My kids and I are on the tail-end of an unplanned winter break from school. It is all due to a blizzard that camped out in our area and resulted in a closed down interstate, epic amounts of white powder, and two consecutive snow days. I love having my kids home with me, but snow days can cause me to cringe. I would prefer a two-hour late start over school being canceled. My main beef with snow days is that they mean the school year has to be extended in order to make up for the lost time, and I would rather have my kids home with me during the warmer months than during a cold snap.
Despite the harsh winds, cabin fever, and drifting snow…no one in my family pulled their hair out, sure my voice had to be raised a few times, but all in all we managed just fine while being snowed in at our house. We had so many blizzard alerts in the weekend leading up to our snow days that I had a game plan in mind. My fun and time consuming ideas for the kids included making slime, Lego wars per an earlier suggestion by Tessa, and some good old-fashioned baking. But in the end I did none of these things, and it all still worked out just fine.
Embrace the Slow Moving Morning
There is nothing better than being able to rest longer and have a casual morning. Sleeping in late at my house is hardly ever an option. I mean, 7:30am is sleeping in late for us all. So when I heard there was no school, my husband and I let the kids stay up late the night before watching a show. (Amazon Prime’s animated series Lost in Oz is currently a huge hit in our house.) Our bedtime ritual was less rushed and all the children were instructed to sleep in as late as possible. Like, maybe 7:45am if their eyelids could manage such an unthinkable feat.
The slow start to our snow day mornings led to a later than normal breakfast which included coffee for me and toast with cinnamon sugar for the kids. It was a leisurely breakfast followed by a mandate to brush teeth, but changing out of pajamas was optional.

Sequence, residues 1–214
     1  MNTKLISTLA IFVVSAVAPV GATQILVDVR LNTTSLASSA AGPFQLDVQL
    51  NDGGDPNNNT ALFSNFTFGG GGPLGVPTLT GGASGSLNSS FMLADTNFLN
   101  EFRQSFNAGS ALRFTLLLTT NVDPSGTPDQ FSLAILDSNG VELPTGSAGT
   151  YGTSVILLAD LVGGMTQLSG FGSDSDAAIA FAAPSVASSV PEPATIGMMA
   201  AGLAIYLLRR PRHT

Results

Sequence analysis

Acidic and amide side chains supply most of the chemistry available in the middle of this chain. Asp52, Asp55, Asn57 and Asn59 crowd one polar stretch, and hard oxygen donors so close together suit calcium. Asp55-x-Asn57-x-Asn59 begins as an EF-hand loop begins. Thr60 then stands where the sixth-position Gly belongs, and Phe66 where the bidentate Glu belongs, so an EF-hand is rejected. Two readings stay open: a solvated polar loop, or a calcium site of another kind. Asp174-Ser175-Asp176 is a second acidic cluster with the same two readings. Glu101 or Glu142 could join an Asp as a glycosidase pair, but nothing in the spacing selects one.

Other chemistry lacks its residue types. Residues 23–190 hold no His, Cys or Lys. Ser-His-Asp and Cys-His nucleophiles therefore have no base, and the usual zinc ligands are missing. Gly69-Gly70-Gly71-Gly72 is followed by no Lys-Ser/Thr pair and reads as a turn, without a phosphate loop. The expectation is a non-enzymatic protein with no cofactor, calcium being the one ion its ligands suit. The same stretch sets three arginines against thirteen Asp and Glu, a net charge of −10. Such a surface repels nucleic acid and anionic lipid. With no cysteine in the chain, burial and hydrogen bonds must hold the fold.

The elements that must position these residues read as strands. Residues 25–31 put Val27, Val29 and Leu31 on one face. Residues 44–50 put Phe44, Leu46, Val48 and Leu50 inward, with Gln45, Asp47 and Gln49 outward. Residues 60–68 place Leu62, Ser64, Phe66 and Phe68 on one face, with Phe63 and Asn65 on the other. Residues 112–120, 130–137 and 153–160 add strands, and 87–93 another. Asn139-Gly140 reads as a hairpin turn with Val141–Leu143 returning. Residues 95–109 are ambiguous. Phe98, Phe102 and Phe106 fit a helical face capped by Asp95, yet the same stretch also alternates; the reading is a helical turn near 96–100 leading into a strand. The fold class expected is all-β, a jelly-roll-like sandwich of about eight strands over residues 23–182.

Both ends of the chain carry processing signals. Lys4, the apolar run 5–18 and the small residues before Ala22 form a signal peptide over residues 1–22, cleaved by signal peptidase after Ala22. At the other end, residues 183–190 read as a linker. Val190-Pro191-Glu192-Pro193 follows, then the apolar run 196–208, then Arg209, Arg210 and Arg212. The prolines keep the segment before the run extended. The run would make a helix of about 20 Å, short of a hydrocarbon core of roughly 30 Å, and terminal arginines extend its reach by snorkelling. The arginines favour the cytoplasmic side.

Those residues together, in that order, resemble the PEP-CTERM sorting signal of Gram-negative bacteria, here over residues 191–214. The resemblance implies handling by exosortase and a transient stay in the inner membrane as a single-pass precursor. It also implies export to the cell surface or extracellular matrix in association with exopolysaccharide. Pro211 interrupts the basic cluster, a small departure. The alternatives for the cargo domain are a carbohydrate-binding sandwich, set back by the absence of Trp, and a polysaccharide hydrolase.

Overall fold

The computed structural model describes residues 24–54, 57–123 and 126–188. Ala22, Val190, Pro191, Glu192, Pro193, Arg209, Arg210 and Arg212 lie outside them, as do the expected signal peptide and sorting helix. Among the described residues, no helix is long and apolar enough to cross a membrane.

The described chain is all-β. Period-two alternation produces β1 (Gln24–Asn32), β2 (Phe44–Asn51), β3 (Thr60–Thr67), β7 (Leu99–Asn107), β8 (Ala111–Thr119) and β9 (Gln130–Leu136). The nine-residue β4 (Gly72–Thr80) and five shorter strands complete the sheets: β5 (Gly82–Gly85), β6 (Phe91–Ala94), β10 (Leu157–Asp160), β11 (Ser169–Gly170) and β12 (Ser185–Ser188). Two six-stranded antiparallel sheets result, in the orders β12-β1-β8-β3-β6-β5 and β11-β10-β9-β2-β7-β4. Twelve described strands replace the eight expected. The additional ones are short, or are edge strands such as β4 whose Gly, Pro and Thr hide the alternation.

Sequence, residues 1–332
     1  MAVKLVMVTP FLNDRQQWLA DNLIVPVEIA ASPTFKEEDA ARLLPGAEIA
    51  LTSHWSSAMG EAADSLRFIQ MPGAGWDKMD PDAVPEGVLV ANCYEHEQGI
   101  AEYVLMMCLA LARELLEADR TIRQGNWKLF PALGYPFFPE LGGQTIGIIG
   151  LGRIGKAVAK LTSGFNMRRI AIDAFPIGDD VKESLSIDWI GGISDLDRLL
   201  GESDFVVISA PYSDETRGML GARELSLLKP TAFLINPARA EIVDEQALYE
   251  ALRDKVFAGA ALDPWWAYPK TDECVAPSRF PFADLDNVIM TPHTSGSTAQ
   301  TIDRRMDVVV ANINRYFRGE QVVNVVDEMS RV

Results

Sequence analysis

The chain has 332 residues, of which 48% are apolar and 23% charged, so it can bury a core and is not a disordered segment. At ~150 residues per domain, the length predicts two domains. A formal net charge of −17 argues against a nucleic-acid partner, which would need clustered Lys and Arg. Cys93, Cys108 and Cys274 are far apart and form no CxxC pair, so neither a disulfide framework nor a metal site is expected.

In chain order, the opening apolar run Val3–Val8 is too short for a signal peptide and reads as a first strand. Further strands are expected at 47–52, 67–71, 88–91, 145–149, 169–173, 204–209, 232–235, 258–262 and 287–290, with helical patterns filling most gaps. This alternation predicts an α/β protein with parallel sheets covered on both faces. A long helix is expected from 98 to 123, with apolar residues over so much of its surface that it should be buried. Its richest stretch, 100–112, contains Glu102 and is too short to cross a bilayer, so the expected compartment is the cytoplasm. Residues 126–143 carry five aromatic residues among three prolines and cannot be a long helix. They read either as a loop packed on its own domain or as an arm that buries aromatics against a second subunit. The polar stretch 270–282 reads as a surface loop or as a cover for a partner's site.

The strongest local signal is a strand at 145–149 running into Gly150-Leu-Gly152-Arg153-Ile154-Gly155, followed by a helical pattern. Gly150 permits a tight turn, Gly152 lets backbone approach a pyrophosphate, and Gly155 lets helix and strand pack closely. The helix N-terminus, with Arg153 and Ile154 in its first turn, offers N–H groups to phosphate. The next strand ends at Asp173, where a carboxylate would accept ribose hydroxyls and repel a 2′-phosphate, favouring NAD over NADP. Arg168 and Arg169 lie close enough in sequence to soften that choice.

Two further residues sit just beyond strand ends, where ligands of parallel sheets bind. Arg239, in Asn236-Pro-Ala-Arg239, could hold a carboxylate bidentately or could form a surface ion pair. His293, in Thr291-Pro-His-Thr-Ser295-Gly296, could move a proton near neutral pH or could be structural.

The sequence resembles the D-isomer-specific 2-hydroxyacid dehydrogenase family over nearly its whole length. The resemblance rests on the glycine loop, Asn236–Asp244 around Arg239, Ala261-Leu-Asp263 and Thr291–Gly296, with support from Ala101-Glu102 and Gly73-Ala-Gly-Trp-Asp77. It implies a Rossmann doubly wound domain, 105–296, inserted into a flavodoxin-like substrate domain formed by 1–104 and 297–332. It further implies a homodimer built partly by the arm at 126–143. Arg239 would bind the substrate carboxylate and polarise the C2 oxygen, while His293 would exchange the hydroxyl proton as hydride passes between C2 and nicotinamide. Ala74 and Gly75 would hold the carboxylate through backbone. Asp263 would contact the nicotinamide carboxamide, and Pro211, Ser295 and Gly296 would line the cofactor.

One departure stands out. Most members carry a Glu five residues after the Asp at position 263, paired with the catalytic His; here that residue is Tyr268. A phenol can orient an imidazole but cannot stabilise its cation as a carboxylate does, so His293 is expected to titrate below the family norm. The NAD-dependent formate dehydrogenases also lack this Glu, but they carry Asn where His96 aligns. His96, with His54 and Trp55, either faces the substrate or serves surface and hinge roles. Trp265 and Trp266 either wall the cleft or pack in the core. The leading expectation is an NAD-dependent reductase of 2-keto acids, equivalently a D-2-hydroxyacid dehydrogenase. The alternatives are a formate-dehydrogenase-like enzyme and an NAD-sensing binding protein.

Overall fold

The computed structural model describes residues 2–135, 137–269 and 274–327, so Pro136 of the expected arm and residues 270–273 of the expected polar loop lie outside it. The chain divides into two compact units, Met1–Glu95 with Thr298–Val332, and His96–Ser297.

It was an awesome way to start our two days of hooky. Typically breakfast is done so quickly and efficiently because the bus is coming, and everyone has to be constantly moving in order to make sure hair is combed, backpacks are ready, and faces are washed.
Just Leave the Kids Alone
While I was cleaning up the counter from breakfast, my kids made their way to the basement and began playing on their own. I took this as a sign to start some laundry. Well, some laundry led to washing all of the bedding and also turning the vacuum loose in all the bedrooms. I left my kids alone, except to have my daughters strip their beds and deliver their sheets to me. It was one of those times where my children seemed to understand that if they stayed out of my way, then I would stay out of their way. Essentially I gave them some independence and they ran with it for the rest of the morning.
This obviously does not always work and some quarreling broke out between my two daughters and preschool son, but to my credit I just left them alone to deal with it. This is something I am working on in life because I micromanage way, way, way too much. Giving them some breathing room worked out well for the earlier hours of both snow days. My children got to run their own games and agenda downstairs, while the baby and I mostly hung out upstairs.
Lunch, afternoon, evening, and beyond
The kids and I regrouped at lunch on both snow days. I got to hear everyone’s grievances of who pushed who and who hurt whose feelings during the games of Giant Jenga, which later turned into a make-believe boat lost at sea. Aside from a few eye rolls and mandated apologies, I think a good time was had by all. I served up picnic style lunches and made plans for the afternoon that solely revolved around the snow. Since I had kept them inside during the two mornings, my crew was busting to lay down snow angels and configure some fort building as we entered the afternoon hours.
The weather may have been a blizzard, but it was not too cold that kids could not be outside. They killed a lot of time chasing each other with snow balls and “helping” clear the driveway with their mini-toy shovels and scoops. The freezing, wet, white stuff zapped their energy, but not their spirit. All my kids came in excited from outdoor play and ready to sit in front of the fire place with a snack and hot chocolate.
I embraced the cozy evening by making homemade pizza one night and loose meat sandwiches the next evening. Both latter parts of the snow days ended in book reading and some screen time for all. Basically, we did nothing yet still had fun and I was able to realize that unstructured times have the ability to be the best of times.